The violence has, however, been roundly condemned with several interest groups warning that it should be stemmed before it degenerates into wide scale confrontation. UNIP has said it would step up its campaign of burning voters cards at public rallies to protest against alleged irregularities in the election process. UNIP also says it will defy the requirement of having to get a police permit to hold public rallies. The Ndola rally was held without a permit. MMD secretary general Michael Sata says that UNIP's continued campaign of burning voters cards could further jeopardise inter-party dialogue.


Costs of financing the on-going a petition against President Chiluba's legibility for presidency has dried up the coffers of UNIP, one of the political parties petitioning Chiluba. Party administrative secretary Basil KAbwe says UNIP has failed to pay close to 400 of its workers around the country because most of the party's income has gone towards funding the petition. The costs include legal expenses, paying lawyers and taking care of witnesses.

Some workers say that they have been reduced to beggers because they have not been paid in the past 12 months. Kabwe admits that most of the party members were now surviving on "personal efforts".


Despite some local and international skepticism about impartial abilities of the recently constituted Human Rights Commission (URC) in Zambia, the body has already received about 100 complaints on human rights violations. The Commission has already disposed of one major case in which it secured the release of 14 South Africans who were detained by police after straying in Zambia.

Commission chairperson Lombe Chibesakunda says that most of the complaints would be settled by conciliation because the commission cannot render judgements. She says, though, that the commission would be firm and vigilant in dealing with human rights abuses regardless of who was perpetrating the abuse. She adds that the fact that the commission is partly funded by government did not mean that this would compromise the body's independence.

Earlier, an international Human Rights group called for the replacement of the Zambian HRC commissioners because they lacked robust human rights credentials. The Human Rights Watch also stated that there was need to elect commissioners to ensure transparency.


Dwindling stocks of maize grain, Zambia's staple food, has prompted government to import 120,000 metric tonnes of the crop to increase stocks. The Food Reverse Agency has imported the maize to prevent an anticipated grain shortage. Despite good rains in the last season, it is expected that Zambia will not be able to meet its needs. The Food Reserve Agency director says that Chance Kabaghe says that Zambia requires 270,000 metric tonnes of grain in reserve to be able to meet the demand until the next crop season. 7. ZAMBIA'S ONLY HARBOUR TO BE SOLD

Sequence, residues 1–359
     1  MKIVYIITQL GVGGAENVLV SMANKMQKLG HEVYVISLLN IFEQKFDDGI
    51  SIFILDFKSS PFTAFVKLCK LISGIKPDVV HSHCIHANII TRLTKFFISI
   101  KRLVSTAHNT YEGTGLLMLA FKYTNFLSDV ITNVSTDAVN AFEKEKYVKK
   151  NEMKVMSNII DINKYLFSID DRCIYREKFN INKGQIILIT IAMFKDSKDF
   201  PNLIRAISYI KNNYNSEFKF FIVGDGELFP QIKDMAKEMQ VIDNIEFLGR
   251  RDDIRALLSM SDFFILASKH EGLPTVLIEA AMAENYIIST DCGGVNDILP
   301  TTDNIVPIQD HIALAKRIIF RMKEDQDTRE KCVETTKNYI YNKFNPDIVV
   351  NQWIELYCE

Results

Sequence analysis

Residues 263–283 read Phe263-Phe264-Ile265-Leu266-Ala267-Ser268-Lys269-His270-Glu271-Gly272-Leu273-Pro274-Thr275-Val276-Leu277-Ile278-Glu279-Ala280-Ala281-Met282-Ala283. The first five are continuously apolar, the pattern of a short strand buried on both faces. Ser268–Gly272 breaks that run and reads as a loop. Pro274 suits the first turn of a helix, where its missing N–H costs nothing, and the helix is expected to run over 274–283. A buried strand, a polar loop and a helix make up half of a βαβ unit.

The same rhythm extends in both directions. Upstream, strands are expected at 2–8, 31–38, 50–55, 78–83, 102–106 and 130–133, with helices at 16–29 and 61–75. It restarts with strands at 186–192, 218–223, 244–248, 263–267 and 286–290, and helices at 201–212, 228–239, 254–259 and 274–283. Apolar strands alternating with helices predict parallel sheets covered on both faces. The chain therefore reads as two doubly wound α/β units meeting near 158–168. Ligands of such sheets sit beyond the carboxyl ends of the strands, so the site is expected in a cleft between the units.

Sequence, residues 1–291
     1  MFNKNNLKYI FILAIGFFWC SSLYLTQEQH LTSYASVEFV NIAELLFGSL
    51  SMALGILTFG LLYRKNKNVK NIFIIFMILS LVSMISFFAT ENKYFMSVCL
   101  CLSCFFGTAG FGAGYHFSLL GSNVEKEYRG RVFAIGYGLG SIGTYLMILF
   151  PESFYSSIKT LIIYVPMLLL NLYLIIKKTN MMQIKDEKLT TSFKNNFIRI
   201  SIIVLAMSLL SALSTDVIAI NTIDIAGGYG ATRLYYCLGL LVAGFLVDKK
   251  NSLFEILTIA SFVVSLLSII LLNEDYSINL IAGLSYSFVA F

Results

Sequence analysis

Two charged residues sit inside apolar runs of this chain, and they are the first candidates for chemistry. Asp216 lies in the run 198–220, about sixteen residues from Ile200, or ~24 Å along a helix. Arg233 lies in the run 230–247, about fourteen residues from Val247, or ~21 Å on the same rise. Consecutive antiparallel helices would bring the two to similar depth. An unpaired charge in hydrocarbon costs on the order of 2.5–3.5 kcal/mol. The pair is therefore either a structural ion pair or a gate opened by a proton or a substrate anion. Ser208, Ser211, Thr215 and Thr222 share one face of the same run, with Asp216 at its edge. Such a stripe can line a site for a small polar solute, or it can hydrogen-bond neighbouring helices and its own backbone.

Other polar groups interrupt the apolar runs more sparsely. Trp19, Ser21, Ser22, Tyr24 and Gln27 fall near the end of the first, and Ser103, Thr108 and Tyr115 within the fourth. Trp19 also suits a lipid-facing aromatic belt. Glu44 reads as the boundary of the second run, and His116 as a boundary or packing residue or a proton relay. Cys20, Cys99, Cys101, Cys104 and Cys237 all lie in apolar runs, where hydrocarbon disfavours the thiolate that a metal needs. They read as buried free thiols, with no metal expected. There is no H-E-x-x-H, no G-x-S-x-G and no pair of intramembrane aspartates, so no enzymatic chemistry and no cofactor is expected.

Zambia's only harbour, Mpulungu, is to be sold after it is upgraded to international standards. The European Union has offered to spend US$2 million on rehabilitating and upgrading the harbour on the shores of Lake Tanganyika in Northern Zambia. Zambia shares the lake with Zaire, Tanzania and Burundi.

A Zambia Privatisation Agency Spokesman said that after the initial works, the harbour will be placed under an independent commission to enhance the performance of the country's gateway to Central and Eastern Africa.


A highly popular programme in which unemployed Lusaka residents are engaged in community work in exchange for food, is said to be riddled with fake reporting on performance and food distribution. A grass-root supervisor in one of Lusaka's townships, says that while work is done and distribution of food is on alternative weeks, some superiors in charge allegedly report that the programme goes on without break.

Ms Prisca Mwale claims that she is aware that some reports submitted to the World Food Programme who fund the project, indicate that work is continuous and that the food too is supplied regularly. She says that in actual fact work and food distribution is done in weekly intervals. The programme is highly popular among housewives who are engaged in chores like resurfacing gravel roads in exchange for food like maize meal and beans.


After being eliminated from the World Cup soccer competition, the national soccer team has consoled Zambians by qualifying for the Africa Cup finals. The team booked it place in the finals to be hosted by Burkina FAso next February after beating Malawi 3-1 in Lusaka.

The local soccer governing body, FAZ, has meanwhile voted out its executive committee and replaced it with one headed by a Lusaka chief executive of a National Tender Board. The change of leadership has elated the government which says it expects the new executive committee to bring honours to Zambia.


From: (Africa_news Network) Date: Mon, 21 Jul 1997 15:51:58 +0200 Subject: Zambia News Online #23 Message-ID: <>

Editor: Ali B. Ali-Dinar